Joe and I had checked out the ramp down to a floating bridge that connected one part of the harbour from another. At the top, after consideration, I felt that it was doable. It was steep but I had Joe for help. What I couldn’t see was at the bottom, maybe three or four feet from the end, the steep slope tilted and became steeper. When we got there, I panicked. I felt out of control and I was terrified.
Joe helped me turn the chair around to go down backwards, something made difficult by the steep slope we were on and by the narrow ramp. I lost control of my breath. I was truly and deeply frightened. It didn’t help that when turning I saw that people were waiting to go both up and down the ramp and we impeded access both ways. So they took the opportunity to watch as we struggled.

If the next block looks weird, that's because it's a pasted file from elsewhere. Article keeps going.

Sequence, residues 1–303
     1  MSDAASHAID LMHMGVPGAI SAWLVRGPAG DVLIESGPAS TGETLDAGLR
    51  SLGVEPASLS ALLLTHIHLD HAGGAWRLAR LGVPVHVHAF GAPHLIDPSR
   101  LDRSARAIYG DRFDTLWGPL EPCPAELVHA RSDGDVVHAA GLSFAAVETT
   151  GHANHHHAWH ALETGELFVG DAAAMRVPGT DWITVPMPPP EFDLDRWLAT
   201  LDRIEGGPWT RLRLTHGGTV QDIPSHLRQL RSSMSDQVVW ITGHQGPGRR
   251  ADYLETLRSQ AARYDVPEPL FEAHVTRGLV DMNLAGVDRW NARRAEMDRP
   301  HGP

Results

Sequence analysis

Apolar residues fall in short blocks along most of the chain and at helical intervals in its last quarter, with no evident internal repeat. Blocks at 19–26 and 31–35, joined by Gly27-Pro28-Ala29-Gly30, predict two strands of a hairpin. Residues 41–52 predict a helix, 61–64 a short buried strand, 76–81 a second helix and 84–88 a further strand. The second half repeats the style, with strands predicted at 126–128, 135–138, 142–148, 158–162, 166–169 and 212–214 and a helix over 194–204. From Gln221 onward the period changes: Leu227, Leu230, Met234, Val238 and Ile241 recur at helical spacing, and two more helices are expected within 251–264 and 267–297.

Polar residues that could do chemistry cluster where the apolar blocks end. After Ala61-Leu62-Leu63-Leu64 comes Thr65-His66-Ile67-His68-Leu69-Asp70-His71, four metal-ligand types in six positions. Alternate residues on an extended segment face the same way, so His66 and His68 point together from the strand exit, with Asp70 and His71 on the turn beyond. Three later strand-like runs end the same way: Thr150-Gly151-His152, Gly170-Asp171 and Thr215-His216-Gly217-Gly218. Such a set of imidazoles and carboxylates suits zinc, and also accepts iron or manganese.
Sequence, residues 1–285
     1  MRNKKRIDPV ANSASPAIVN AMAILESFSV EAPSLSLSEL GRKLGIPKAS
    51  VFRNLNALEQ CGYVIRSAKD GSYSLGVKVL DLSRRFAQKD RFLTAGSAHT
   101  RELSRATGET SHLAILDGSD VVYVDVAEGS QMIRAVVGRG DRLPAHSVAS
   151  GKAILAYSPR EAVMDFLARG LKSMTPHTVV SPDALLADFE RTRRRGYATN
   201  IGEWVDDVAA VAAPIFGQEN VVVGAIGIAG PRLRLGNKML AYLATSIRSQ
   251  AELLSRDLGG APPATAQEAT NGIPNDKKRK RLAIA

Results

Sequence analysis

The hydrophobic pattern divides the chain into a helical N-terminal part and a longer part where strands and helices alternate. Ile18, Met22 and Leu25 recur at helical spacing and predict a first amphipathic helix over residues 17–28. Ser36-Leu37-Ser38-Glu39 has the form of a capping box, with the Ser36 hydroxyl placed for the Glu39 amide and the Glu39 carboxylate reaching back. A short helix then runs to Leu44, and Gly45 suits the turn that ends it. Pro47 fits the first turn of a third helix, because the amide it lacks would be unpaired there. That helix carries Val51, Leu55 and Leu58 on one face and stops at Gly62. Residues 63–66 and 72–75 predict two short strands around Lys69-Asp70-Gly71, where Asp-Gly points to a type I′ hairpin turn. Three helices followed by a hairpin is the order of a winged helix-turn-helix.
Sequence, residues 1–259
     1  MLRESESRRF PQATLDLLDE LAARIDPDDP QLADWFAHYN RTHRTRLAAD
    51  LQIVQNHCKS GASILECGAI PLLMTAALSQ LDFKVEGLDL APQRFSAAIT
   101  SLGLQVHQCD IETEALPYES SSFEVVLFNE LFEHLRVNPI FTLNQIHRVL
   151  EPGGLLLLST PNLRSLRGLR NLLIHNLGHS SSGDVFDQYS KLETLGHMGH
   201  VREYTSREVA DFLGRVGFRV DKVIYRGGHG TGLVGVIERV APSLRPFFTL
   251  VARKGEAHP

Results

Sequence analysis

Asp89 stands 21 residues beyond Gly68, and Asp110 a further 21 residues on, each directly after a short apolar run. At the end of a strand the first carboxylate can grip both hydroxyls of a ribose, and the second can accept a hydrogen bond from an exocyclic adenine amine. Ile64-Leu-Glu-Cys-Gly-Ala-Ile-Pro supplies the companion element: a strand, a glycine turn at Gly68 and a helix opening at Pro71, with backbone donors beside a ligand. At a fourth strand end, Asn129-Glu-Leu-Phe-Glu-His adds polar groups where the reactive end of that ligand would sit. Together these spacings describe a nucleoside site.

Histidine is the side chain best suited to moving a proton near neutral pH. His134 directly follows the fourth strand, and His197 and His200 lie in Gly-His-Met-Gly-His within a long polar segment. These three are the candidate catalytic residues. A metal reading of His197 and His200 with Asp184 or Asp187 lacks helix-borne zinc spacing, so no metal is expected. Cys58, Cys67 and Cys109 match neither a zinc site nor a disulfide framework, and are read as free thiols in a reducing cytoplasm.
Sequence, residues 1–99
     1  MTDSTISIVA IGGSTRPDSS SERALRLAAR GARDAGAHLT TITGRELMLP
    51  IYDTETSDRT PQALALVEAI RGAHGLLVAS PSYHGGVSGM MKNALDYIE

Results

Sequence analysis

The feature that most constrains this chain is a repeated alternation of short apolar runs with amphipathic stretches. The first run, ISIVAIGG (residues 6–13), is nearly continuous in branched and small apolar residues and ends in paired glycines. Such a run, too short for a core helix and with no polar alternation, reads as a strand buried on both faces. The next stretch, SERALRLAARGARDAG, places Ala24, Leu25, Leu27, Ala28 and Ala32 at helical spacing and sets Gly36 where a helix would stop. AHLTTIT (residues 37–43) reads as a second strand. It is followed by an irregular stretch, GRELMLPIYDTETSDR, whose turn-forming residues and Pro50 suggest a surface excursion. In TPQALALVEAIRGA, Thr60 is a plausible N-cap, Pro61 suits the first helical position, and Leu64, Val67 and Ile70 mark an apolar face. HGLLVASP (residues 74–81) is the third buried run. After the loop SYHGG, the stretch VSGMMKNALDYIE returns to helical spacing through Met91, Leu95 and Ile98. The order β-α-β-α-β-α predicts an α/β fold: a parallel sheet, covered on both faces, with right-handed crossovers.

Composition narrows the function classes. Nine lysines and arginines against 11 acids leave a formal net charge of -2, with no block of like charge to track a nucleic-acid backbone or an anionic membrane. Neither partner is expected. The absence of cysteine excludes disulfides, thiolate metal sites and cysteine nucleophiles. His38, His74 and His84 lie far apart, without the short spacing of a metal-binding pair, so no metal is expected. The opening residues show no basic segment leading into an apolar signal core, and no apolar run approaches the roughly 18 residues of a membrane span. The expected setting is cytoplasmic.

I felt on display.
I get that people do that.
I get that it isn’t always hostile.
But I wish they’d get that, at that moment, their watching made it more difficult.
There’s always one, isn’t there?
A woman said to her family, “Let’s turn and watch the seals, give this man some privacy.” I couldn’t see what she did because of the flurry of activity, the beating of my heart and the adrenaline pumping through my veins. But I did see, when I turned, a whole family. A mom, some children, a dad, and two elderly grandparents, all turned away from me. All giving me the moment I needed.
Those are the people I choose to remember. Even though I understand that very few people would get what I needed in that moment, I need to notice that some do.
And that gives me more comfort than you can possibly imagine.